What are Some Warning Signs of Unhealthy Rangeland?

Pedicelled plants: Grass plants, each setting on a small pedicel of soil, is a warning sign of sheet erosion on the site. The plant root system and crown protects the soil directly underneath, but soil between plants is lost downslope with each rainfall event. Soil depth is important for the storage of water for plant growth between rainfall events. It is possible, with unprotected soil to loose over an inch of topsoil during a single rainstorm event, which in turn may take centuries to replace through natural processes.

Bare Ground: Large areas or increasing areas of bare ground are a symptom of unhealthy rangeland. The soil must be covered with vegetation or mulch to protect the soil surface from the impact of raindrops. Unprotected soil becomes dislodged during rainfall events, and moves downslope into gullies, streams and rivers. Unprotected soil is susceptible to forming crusts, due to a loss of structure and organic matter at the soil surface, which reduces water infiltration, recharge of underground aquifers and the quantity of water stored in the soil profile for plant growth.

Browse Lines: A distinct absence of woody plant vegetation from ground-line to a height that browsers like goats and deer can reach, is an indication of excessive use of this component of the plant community. Too heavy use of any part of a plant community will result in reduced plant diversity and lower overall range health. The strength of rangeland ecosystems is their diversity, in both animals and plants. Diversity protects both the health and sustainability of the system over time.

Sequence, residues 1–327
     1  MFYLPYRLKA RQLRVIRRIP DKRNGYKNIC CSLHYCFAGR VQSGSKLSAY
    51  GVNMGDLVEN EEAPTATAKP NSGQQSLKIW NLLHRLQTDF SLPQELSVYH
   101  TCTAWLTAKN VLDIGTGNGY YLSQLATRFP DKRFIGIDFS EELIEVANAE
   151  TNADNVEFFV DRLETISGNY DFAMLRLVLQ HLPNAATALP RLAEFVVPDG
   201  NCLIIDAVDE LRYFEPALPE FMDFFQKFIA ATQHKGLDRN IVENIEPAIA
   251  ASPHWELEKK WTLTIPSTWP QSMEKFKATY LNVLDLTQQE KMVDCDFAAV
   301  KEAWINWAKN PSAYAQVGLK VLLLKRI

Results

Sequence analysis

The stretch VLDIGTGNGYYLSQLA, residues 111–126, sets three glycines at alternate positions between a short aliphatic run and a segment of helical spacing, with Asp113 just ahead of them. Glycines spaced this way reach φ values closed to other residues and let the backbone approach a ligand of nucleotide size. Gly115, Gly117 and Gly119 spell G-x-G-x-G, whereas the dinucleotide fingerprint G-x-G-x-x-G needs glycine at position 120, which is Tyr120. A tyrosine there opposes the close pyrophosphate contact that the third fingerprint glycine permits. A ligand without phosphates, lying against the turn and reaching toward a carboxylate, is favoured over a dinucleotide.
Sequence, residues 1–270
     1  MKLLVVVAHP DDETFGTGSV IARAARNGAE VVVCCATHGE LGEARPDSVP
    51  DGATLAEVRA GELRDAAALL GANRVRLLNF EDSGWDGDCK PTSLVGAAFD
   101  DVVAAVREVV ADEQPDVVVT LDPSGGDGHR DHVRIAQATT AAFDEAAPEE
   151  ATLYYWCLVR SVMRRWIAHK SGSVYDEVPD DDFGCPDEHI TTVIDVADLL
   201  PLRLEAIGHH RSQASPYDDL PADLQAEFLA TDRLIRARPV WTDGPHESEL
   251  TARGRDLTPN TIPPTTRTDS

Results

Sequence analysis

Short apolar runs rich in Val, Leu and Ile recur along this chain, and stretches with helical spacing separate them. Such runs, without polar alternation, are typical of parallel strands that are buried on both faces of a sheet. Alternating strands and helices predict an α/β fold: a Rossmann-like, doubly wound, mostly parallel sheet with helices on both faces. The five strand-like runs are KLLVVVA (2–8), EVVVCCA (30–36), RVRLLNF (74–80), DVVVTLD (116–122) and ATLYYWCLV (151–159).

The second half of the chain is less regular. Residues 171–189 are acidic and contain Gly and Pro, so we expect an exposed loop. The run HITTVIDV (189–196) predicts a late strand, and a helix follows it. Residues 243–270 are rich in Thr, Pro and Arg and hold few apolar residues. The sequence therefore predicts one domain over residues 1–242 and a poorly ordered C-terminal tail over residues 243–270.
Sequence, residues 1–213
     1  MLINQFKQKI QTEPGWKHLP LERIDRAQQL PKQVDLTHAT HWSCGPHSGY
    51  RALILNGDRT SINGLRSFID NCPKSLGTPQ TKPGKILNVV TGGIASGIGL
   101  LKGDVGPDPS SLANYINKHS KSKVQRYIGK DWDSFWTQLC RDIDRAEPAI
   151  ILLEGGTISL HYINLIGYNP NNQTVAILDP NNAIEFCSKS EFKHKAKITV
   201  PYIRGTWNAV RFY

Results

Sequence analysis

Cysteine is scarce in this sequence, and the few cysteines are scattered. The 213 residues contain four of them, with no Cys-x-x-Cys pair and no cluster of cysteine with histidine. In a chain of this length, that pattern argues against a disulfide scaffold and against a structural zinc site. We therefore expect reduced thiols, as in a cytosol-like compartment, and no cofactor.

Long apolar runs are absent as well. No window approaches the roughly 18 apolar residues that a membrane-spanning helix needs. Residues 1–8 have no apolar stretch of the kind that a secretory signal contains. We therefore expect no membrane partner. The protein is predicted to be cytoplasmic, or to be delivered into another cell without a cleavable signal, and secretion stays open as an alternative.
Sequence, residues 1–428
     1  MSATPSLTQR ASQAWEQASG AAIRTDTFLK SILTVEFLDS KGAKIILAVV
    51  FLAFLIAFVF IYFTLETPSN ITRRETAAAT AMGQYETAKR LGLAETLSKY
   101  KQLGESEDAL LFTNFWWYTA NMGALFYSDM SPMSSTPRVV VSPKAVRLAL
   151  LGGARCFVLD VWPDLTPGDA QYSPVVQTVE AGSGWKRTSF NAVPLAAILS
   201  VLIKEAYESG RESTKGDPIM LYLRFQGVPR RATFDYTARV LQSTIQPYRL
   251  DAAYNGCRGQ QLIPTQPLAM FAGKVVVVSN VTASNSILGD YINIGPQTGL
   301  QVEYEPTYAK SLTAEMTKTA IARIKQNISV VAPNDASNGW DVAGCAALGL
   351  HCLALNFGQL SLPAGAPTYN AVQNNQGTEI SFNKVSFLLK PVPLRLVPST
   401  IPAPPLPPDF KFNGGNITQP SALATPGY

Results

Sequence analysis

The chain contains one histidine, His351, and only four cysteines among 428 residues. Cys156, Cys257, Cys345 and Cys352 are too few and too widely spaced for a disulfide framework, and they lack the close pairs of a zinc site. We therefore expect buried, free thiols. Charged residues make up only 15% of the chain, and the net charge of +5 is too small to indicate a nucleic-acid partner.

Gullies and Steep Denuded Stream Banks: Gullies and steep stream banks devoid of vegetation are another sign of excessive erosion and poor rangeland health. Vegetation on stream banks hold soil and slow water movement during high stream-flow events, while dissipating stream-flow energy. Treatment to counteract the formation of gullies and steep stream banks should not only include slowing water movement through these areas, but also careful examination and correction of the factors that led to their development in the first place.

Plant Communities Dominated By Annual Plants: Unfortunately, if rangelands are abused through over-use, the plant communities will change from perennial species to annual species. Annual species have life cycles that permit them to take advantage of short-term, favorable growing conditions. Unfortunately they do not provide the soil surface with dependable, continuous protection from raindrop impact, or provide dependable forage for livestock and wildlife.